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This subpart contains material explaining and illustrating the terms used in subpart A of this part which were issued under section 7(g)(3) of the Fair Labor Standards Act. The purpose of section 7(g)(3) of the Act, and subpart A of this part, is to provide an exception from the requirements of computing overtime pay at the regular rate, 1 and to allow, under specific conditions, the use of an established “basic” rate 2 instead. Basic rates are alternatives to the regular rate of pay under section 7(a), and their use is optional. The use of basic rates is principally intended to simplify bookkeeping and computation of overtime pay.
1 The regular rate is the average hourly earnings of an employee for a workweek. See §§ 778.107
to 778.122 of this chapter on overtime compensation. Sections 7(g)(1) and 7(g)(2) of the Act permit overtime compensation to be computed, under specified conditions, at time and one-half the bona fide hourly or piece rate applicable to the work performed during the overtime hours. See §§ 778.415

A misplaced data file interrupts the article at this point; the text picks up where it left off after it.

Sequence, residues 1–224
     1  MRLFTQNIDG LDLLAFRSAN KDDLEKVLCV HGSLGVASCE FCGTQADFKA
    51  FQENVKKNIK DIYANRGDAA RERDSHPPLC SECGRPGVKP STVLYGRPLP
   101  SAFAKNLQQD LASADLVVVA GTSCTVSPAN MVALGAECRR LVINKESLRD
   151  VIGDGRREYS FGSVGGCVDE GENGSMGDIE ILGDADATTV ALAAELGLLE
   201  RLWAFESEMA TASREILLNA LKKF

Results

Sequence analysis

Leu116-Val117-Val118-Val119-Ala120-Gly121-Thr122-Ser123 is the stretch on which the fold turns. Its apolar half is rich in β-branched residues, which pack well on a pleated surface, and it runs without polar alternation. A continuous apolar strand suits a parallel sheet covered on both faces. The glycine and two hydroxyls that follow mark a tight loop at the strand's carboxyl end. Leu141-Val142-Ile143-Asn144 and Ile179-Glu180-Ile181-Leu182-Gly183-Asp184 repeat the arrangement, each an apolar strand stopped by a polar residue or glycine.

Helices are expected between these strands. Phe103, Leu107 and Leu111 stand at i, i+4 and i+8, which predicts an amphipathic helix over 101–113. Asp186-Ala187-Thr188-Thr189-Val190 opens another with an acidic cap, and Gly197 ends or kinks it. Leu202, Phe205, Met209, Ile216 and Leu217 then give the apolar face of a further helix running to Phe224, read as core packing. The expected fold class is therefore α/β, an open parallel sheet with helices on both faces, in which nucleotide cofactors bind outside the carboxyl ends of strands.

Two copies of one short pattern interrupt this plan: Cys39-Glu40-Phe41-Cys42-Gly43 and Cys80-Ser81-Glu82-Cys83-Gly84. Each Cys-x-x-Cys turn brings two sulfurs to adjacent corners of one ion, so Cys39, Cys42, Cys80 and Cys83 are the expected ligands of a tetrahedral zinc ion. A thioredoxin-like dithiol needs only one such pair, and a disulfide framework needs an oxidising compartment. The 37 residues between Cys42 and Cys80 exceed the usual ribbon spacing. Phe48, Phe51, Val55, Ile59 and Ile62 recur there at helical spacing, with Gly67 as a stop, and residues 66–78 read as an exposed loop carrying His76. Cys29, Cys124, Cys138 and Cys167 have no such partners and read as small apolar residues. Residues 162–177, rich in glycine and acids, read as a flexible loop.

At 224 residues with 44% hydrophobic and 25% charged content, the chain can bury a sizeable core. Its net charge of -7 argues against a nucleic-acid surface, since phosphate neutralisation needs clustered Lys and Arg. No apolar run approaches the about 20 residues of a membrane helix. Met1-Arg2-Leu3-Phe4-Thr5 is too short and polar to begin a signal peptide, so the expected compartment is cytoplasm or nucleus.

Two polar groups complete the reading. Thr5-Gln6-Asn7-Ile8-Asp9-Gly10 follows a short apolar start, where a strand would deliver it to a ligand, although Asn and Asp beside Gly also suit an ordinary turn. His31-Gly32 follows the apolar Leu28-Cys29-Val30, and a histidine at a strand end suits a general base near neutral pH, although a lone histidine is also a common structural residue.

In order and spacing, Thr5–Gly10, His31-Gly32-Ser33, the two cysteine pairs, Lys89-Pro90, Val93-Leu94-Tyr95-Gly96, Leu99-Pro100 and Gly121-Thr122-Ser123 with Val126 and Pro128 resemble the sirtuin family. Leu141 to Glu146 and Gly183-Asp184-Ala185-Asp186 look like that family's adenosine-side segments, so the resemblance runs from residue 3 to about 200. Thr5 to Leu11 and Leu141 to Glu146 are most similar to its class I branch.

to 778.421 of this chapter.
2 The term “basic” rate as used in this part means the rate authorized under section 7(g)(3) of the Fair Labor Standards Act. Such a rate may be used to compute overtime compensation under the Walsh-Healey Public Contracts Act. (See Rulings and Interpretations No. 3. section 42(e)(1)). However, the term “basic” rate in this part should not be confused with the more general use of the term in the Public Contracts Act to describe all rates which may be used to compute overtime compensation or the use of the term in any other statute.
Section 7(g) of the Fair Labor Standards Act provides that an employer will comply with the overtime requirements of the Act if:
[20 FR 5680, Aug. 6, 1955, as amended at 26 FR 7731, Aug. 18, 1961]